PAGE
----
After a near fatal cerebral edema caused him to collapse on a Hong Kong movie set on May 10, 1973, Lee was examined by neurosurgeon Dr. Peter Wu. During the examination, Lee admitted that he had eaten hash immediately before the episode, and Wu advised him not to take it again. "It's harmless," Bruce scoffed. "Steve McQueen introduced me to it. Steve McQueen would not take it if there was anything dangerous about it." He refused diagnostic tests, saying he would get treated in the US. 

"In 1973, Hong Kong had very little experience with marijuana," writes Polly. "It was conceived of as an evil Western hippie drug. Research since then has proven that cannabis does not cause cerebral edema or lead to death." He quotes Dr. Daniel Friedman, a neurologist at NYU Langone Medical Center. "There are no receptors for THC in the brainstem, the part of the brain that maintains breathing and heart rate," said Dr. Friedman, "which is why it is very near impossible to die directly from a THC overdose unlike heroin or barbiturates."

Friday, July 14, 2023

DEA "Celebrates" 50 Years, Pushes Social Media Addiction

Having been established by Richard Nixon on July 1, 1973, the U.S, Drug Enforcement Agency (DEA) is celebrating its dubious 50-year legacy pushing the racist, ineffectual and expensive War on Drugs. Nixon called for Congress to consolidate anti-drug efforts into the uber agency, which was given intelligence powers like wiretapping and body-worn recorders. 

One of the DEA's high-profile busts was the arrest of Dr. Timothy Leary, the Harvard psychiatrist who became an evangelist for LSD. Leary's legal challenge to the 1937 Marijuana Tax Act after being caught with pot at the Mexican border dismantled that law, but ushered in the much-worse 1971 Controlled Substances Act, which gave DEA the authority to schedule drugs based on their perceived danger, leaving cannabis in the most dangerous Schedule I category to this day. 


As reported by Marijuana Moment, the DEA is now promoting tips on how to get a “natural high” as an alternative to drugs, sharing what it says are “7 Better Highs” such as becoming famous on Instagram, playing video games and going to a pet store to look at animals.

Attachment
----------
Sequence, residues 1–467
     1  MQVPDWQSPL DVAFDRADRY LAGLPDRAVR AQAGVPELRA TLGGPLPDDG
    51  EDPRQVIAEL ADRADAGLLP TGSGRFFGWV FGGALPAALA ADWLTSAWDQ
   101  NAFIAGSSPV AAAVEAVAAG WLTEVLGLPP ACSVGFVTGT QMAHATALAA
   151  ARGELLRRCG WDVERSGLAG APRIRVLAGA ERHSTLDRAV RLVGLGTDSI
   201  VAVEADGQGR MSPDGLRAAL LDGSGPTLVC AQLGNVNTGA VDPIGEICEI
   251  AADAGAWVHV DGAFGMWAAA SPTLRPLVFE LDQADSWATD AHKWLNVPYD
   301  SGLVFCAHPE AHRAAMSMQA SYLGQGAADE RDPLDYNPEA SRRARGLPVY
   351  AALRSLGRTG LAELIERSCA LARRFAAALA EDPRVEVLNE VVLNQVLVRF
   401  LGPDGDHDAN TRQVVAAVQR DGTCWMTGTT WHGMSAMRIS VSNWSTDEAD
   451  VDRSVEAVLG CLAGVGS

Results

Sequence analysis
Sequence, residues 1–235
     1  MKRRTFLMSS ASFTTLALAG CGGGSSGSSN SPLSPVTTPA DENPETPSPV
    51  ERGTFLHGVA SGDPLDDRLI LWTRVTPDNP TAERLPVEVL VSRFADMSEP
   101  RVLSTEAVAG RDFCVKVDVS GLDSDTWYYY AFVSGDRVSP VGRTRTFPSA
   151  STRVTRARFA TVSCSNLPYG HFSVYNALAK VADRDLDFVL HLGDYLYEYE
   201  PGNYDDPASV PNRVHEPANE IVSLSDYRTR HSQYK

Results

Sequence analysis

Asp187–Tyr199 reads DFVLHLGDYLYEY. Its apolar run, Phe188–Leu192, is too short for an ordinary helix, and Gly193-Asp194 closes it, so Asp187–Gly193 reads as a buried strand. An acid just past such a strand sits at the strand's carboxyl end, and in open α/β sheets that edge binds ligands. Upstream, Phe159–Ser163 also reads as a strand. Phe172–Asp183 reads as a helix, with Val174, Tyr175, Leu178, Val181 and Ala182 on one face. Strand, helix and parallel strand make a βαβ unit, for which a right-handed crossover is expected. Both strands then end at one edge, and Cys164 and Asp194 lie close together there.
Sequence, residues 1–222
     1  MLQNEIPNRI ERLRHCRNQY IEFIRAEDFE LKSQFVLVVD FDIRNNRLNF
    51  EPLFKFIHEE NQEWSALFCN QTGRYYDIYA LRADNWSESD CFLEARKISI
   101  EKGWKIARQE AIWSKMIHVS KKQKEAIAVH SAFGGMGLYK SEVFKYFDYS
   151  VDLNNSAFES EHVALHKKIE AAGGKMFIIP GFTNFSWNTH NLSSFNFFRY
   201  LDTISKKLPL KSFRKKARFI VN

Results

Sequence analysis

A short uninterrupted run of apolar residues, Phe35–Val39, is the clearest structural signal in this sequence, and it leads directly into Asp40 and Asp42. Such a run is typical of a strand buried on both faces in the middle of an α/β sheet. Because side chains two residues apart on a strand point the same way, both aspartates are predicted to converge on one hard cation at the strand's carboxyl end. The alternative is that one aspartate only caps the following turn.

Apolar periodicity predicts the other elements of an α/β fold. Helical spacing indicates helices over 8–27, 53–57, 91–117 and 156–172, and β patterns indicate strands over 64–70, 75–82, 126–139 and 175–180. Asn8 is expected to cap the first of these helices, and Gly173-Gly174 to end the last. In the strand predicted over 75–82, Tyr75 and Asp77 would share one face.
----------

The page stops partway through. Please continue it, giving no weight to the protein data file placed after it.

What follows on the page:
"Don’t let boredom be one of the reasons you try drugs. Try these fun activities and get a natural high!" the agency's taxpayer-funded campaign enjoins, suggesting hiking, renting jet skis, or going to amusement parks for relaxation and excitement in lieu of doing drugs. 

“It’s fun to post pics on Instagram and also see what your friends are doing on the app. But if you took it a little bit more seriously, you could take over the world and become a young trendsetter,” the post continues.

But social media could be more harmful than marijuana is to young people, especially girls. A 2021 report reviewed by the Wall Street Journal found that about 22 million teens log onto Instagram in the U.S. each day, and that adolescents were starting to report anxiety, depression, and even suicidal thoughts regarding their experience on the social app. Thirty-two percent of teen girls said that when they felt bad about their bodies, Instagram made them feel worse. Data suggest that the more hours a child devotes to social media, the higher their risk for mental health problems.

“Do you want to take a little escape from reality altogether?” the DEA site asks. “Playing video games is an awesome way to do so.” This from the government that continues to recruit teens excelling at online war games into the military, as 77% of young people don't meet the military's requirements due to obesity, drug and alcohol abuse, and medical/physical health issues.

Saturday, July 1, 2023